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1.3.04

An Advantage Of The Two Party System

Another thought on the "just trust the experts" thesis: It seems that the two-party system has the advantage of allowing one to be agnostic on more issues, in recognition of one's lack of competence to decide. For example, I remain deliberately agnostic on the question of abortion* -- I go out of my way to avoid arguments and information that could dispose me to feeling that we either should or should not ban the procedure (or that, given an unwanted pregnancy and access to legal abortion, a woman should or should not get one). This would be a tough position to maintain if there were political parties representing every different combination of policy views. I'd be confronted with a decision of voting for a party that agreed with me on all issues and was pro-life, and one that agreed with me on all issues and was pro-choice. I'd have to make some sort of decision on abortion, even if it was just to throw my lot in with some professional ethicist whose other views I agreed with. But with only the Democrats and Republicans to choose from, my decision is much easier. I would have to be consumed with passion for the pro-life cause before my views on abortion swayed me to vote for a Republican in most circumstances, because I align with the Democrats on so many more issues. The two-party system allows me to be pro-choice in practice while remaining philosophically agnostic. Of course, this situation wouldn't help if my political views were less liberal and so the Democrats' and Republicans' respective faults on all the issues I cared about evenly balanced, leaving abortion as the tiebreaker (the libertarian conundrum).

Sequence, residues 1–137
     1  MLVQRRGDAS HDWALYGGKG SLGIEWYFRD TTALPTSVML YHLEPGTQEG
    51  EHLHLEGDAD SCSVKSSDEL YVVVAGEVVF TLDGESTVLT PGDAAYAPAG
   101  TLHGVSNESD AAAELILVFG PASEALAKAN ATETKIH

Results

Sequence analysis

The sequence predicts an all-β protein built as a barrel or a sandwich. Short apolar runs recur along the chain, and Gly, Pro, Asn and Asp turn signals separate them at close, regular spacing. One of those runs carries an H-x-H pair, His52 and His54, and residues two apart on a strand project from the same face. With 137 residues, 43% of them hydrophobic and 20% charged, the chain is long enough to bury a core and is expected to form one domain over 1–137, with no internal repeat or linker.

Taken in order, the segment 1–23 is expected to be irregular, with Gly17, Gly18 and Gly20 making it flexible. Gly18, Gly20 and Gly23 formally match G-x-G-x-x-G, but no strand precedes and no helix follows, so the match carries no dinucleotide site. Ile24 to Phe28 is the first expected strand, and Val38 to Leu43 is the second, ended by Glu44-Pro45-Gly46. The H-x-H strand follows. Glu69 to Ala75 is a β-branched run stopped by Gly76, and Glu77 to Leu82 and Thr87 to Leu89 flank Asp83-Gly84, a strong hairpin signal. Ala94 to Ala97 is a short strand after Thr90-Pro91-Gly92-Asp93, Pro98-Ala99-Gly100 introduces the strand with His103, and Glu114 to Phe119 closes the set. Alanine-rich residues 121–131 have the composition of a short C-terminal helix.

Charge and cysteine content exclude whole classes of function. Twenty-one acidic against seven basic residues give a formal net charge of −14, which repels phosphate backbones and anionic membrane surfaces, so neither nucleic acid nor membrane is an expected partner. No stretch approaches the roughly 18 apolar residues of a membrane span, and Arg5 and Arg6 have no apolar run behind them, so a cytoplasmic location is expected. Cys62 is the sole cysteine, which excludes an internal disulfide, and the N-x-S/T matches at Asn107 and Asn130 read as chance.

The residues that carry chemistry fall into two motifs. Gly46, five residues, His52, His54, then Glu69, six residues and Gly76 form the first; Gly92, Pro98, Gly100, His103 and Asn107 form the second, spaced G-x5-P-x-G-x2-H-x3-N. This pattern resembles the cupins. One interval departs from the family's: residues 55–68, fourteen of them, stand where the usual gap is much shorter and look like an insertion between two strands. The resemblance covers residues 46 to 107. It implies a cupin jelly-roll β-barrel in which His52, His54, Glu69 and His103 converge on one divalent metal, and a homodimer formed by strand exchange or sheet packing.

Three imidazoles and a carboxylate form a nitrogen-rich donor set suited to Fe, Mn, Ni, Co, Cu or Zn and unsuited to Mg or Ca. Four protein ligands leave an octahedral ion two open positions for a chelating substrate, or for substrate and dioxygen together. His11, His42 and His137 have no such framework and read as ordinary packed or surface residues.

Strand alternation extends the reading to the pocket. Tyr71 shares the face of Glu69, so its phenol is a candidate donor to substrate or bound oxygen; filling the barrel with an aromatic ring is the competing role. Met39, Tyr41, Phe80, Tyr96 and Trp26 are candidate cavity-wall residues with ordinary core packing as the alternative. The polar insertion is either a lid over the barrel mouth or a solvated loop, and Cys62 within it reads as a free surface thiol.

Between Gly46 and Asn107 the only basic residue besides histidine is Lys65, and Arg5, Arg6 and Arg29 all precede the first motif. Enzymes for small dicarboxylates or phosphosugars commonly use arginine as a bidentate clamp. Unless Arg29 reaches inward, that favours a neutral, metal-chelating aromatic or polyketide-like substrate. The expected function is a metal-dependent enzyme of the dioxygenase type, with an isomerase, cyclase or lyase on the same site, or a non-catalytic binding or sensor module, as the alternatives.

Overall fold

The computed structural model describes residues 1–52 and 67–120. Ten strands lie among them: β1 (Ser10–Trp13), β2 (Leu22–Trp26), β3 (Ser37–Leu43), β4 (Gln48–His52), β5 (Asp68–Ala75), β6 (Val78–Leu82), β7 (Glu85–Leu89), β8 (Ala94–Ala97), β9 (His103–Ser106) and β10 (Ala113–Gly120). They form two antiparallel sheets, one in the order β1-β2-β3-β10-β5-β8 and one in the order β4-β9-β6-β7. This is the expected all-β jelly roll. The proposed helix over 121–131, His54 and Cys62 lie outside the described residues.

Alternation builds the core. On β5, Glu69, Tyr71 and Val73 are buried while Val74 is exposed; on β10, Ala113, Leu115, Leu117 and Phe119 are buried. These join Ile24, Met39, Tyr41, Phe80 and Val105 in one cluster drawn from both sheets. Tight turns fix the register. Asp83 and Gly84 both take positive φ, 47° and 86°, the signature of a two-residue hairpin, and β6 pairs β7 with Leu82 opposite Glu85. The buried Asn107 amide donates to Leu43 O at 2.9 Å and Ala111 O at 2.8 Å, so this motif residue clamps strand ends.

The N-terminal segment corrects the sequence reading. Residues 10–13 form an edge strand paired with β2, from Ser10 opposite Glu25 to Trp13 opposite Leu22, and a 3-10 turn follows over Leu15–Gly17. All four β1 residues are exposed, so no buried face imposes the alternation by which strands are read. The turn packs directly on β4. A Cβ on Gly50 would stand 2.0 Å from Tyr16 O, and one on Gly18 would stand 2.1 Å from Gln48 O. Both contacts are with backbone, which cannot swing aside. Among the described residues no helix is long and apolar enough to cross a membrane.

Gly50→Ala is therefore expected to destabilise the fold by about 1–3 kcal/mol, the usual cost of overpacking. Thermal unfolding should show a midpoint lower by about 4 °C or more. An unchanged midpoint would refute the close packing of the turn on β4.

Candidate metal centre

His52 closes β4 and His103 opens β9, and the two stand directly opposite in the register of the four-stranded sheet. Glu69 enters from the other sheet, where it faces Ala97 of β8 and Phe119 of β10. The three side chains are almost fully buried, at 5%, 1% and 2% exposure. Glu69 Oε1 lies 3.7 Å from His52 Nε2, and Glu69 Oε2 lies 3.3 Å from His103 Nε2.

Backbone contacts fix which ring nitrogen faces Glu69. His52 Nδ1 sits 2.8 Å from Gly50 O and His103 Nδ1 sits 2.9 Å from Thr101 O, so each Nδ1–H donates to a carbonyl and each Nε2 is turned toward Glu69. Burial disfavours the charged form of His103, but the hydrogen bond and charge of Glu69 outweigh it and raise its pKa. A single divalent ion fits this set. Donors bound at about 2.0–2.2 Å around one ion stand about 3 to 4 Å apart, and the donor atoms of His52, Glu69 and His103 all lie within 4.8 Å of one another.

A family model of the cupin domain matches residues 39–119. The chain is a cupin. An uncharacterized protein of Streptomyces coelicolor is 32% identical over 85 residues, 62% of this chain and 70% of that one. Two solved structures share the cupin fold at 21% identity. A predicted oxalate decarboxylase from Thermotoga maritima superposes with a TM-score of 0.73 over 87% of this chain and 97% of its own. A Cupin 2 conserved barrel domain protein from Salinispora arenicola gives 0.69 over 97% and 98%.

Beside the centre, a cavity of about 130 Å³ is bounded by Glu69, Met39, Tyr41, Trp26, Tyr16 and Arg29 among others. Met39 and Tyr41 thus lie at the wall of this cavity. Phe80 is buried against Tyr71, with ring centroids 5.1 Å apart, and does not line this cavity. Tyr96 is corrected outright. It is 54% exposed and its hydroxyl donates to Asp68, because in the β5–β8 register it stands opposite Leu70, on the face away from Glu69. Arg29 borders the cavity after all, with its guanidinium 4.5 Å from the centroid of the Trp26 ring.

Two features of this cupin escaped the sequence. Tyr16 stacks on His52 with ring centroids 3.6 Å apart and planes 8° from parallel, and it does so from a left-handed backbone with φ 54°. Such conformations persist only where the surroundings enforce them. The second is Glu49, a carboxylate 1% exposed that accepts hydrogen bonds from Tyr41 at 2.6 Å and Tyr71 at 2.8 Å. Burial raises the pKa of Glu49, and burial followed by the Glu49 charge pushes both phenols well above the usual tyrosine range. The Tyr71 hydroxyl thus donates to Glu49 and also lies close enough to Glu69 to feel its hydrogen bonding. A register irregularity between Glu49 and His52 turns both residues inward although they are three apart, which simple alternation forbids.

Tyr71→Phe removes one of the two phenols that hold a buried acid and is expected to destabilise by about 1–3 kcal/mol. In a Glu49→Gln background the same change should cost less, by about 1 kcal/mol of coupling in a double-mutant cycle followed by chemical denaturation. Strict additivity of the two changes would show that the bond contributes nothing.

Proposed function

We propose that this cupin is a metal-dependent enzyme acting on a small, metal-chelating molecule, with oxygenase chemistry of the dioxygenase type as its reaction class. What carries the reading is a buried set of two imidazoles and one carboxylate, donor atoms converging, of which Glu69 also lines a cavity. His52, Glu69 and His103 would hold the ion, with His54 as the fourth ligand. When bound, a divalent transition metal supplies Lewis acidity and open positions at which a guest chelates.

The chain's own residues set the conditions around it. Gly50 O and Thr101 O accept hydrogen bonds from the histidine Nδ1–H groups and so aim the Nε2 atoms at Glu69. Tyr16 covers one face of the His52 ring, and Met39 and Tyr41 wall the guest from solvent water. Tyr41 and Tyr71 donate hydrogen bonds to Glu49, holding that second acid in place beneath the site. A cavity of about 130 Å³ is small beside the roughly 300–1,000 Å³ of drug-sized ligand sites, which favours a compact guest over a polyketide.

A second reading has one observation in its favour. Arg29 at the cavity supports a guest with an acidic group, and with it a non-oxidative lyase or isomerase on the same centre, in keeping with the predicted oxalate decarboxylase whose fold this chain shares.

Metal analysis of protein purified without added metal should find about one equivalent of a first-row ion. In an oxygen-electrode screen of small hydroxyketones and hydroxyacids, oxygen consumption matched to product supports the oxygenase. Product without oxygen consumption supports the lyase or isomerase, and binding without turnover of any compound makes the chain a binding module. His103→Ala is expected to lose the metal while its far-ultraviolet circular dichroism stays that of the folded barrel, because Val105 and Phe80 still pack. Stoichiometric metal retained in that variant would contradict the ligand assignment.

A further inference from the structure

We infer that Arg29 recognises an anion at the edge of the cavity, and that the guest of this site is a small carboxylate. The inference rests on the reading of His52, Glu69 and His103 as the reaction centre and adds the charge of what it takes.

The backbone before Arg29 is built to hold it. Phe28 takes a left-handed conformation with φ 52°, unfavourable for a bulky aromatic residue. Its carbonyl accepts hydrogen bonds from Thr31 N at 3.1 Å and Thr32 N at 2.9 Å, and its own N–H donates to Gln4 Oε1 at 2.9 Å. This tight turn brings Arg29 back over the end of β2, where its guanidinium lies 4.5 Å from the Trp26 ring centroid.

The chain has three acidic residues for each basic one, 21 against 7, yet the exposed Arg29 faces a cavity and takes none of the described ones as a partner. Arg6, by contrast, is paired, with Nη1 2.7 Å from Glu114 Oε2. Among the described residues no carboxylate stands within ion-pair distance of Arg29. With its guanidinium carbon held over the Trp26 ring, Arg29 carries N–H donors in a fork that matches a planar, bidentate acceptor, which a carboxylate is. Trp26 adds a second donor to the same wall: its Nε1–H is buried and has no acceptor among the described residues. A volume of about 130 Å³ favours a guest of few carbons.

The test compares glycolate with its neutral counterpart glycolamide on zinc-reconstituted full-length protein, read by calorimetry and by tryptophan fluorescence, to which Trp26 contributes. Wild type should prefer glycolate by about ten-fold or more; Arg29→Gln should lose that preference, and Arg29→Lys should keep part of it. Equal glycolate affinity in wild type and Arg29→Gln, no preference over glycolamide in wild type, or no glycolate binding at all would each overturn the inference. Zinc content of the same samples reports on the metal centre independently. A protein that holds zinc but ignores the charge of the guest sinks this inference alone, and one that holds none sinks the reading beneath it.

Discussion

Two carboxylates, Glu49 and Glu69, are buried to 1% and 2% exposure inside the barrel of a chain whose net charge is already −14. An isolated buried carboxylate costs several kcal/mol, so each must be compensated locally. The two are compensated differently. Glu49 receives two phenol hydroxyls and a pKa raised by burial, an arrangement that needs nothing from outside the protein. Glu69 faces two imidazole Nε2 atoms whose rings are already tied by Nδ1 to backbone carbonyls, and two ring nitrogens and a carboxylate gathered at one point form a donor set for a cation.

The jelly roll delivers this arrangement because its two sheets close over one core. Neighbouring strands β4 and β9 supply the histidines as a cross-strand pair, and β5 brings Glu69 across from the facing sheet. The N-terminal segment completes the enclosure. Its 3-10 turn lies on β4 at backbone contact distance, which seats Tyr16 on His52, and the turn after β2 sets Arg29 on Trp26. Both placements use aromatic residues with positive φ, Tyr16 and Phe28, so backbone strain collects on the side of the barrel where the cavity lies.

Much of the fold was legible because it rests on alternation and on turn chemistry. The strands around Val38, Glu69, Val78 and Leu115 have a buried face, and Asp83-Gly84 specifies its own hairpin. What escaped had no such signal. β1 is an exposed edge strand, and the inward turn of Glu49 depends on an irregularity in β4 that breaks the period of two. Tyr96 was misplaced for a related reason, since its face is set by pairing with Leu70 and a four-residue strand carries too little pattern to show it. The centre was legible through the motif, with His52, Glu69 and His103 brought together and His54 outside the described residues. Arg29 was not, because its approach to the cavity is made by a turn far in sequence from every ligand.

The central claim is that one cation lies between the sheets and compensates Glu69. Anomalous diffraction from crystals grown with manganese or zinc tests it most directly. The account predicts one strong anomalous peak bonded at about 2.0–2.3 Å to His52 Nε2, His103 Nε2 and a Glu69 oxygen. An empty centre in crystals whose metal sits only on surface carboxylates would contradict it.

*Granted, my reasoning for this choice is more about efficient allocation of my intellectual resources than about my inability to achieve expertise -- indeed, it's the fear that I could easily come to a well-grounded opinion that makes me put forth effort to avoid the temptation to engage in the debate.

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